One more problem: Traditionally, first class or business class is at the front of the train. This is fine when you’re boarding the train during its route, but when you’re boarding from its origination point, this means there’s an incredibly long walk down the platform to get to the front end of the train.
At Washington, D.C., I’ve passed dozens of Amtrak employees lounging on golf carttype vehicles. They watch me hobble my way down the platform, but are apparently not available to take me or anyone else back and forth.
Again, you have to have a reserved ticket and it’s noted on my frequent traveler profile that I have a disability. Thanks a bunch, Amtrak.
By the way, I was going to Washington to join the board of the National Organization on Disability. Ironic, no
If by any chance this reaches Amtrak CEO Joseph H. Boardman, please don’t send an apologyjust fix the problem. Ride your own train, pretend you have a disability and do some quality control. Write a check for a nice donation from your personal checking account to NOD as penance, use the NOD Employment Disability Tracker and make an effort to hire some people with disabilities. You’re a veteran; find some veterans with disabilities. Create a resource group for people with disabilities and task them with giving you ideas. Be the executive sponsor of that group yourself.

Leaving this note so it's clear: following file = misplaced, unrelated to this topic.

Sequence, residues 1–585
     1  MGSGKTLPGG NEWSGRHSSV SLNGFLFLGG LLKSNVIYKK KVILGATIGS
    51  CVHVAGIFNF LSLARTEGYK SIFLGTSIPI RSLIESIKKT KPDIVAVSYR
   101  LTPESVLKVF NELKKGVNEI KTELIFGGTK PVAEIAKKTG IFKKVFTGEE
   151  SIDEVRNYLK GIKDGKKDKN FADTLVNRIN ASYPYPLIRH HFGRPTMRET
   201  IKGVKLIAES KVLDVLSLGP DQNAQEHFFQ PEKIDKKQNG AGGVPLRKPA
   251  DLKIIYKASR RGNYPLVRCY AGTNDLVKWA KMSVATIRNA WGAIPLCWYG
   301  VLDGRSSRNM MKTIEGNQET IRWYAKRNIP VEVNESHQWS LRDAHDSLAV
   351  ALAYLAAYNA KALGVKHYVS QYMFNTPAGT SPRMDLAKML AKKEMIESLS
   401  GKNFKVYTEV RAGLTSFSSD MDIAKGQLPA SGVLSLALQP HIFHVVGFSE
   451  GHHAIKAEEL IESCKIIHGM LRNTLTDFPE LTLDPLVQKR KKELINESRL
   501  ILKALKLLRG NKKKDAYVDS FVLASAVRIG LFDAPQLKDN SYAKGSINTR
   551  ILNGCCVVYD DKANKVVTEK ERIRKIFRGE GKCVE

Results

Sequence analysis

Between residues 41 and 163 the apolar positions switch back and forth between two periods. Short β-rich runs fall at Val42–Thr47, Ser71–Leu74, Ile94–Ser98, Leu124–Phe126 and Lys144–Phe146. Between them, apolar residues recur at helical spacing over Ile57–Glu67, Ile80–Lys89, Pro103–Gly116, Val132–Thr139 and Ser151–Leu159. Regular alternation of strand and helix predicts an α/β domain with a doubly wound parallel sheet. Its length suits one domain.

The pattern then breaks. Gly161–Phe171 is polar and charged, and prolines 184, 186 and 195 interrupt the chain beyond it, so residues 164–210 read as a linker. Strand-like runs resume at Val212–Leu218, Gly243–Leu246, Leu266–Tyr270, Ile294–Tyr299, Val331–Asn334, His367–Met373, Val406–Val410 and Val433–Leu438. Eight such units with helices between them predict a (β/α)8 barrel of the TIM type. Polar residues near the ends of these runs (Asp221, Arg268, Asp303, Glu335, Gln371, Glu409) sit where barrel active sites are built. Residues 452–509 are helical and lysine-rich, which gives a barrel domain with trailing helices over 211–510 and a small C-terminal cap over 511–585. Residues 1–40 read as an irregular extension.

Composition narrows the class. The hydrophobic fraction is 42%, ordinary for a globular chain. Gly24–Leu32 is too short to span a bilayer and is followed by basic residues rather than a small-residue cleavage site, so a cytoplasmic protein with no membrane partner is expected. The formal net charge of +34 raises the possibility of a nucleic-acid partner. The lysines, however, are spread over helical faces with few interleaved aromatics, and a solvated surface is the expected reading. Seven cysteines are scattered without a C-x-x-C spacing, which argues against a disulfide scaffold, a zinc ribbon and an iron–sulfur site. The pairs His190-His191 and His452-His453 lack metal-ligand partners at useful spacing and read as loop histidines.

I’m not taking this garbage lying down. I’m going to write a series of these columns in solidarity with the millions of people who don’t have an audience.
P.S.: I’m going to fly on United four times in the next month. I’ll keep you all posted.
I’m leaving from Newark Liberty International Airport, tied with LaGuardia and JFK as the worst run airports that I’ve experienced in the entire worldand I’ve been around the block.
The Port Authority of New York and New Jersey, which runs those airports, should be ashamed of itself. Aside from being astoundingly filthy, Newark is almost bizarrely cruel to passengers, and you can multiply that times 10 for passengers with disabilities.
The only good thing I can say is that there seems to have grown an organic culture of people who provide wheelchair services. You have to go to a specific area on a level that requires you to be dropped off (and there is nowhere else in the airport to request wheelchair services, which means if you drive your own car and park, you’re completely out of luck), but once you get there, these (mostly women) take very good care of you. I think they’re private contractors, just like the curbside check-in peoplebecause they’re so competent and empathetic. One woman said, “I know you had a stroke, because my husband was just like you. Keep going to therapyyou’ll get better.” It really was enough to bring tears to my eyes.
I don’t blame the average worker for the mess that Newark airport isI blame the supervisors. I’m quite sure nobody supervising at the Port Authority could blow their nose without making a mess of their shirt.
The chairman of the Port Authority should be required to work in Terminal A of that horrendous airport. He should be forced to go through the dysfunctional security at that terminal every day. And he should pretend he has a disability. Try to find an accessible spot in the Terminal C parking deck. There’s never one available. There’s no reasonably accessible parking at Terminal A or Bnone.